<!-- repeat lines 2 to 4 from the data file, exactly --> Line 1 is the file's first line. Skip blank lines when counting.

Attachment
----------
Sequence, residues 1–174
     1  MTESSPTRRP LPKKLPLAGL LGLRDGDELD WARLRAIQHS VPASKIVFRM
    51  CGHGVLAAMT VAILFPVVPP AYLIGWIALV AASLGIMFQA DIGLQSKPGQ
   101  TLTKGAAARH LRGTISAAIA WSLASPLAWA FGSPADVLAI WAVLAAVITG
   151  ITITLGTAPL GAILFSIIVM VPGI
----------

     1  MTESSPTRRP LPKKLPLAGL LGLRDGDELD WARLRAIQHS VPASKIVFRM
    51  CGHGVLAAMT VAILFPVVPP AYLIGWIALV AASLGIMFQA DIGLQSKPGQ
   101  TLTKGAAARH LRGTISAAIA WSLASPLAWA FGSPADVLAI WAVLAAVITG